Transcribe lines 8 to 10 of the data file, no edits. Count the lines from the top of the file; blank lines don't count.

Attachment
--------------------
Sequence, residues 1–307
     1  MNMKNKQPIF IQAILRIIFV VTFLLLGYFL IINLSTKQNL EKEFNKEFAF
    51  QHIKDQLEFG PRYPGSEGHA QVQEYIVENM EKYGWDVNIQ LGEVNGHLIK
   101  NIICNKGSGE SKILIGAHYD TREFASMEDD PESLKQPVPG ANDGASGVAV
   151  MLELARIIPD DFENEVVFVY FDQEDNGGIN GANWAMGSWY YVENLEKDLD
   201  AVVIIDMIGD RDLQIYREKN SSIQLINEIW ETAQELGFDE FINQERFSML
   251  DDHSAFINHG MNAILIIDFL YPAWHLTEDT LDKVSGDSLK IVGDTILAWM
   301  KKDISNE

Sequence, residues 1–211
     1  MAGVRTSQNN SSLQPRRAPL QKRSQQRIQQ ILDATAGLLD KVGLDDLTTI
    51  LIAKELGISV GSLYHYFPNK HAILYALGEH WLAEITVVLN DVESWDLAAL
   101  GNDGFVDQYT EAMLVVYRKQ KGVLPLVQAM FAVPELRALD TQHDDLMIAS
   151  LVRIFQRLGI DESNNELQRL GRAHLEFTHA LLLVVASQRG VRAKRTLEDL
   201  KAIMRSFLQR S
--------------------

   301  KKDISNE

Sequence, residues 1–211
     1  MAGVRTSQNN SSLQPRRAPL QKRSQQRIQQ ILDATAGLLD KVGLDDLTTI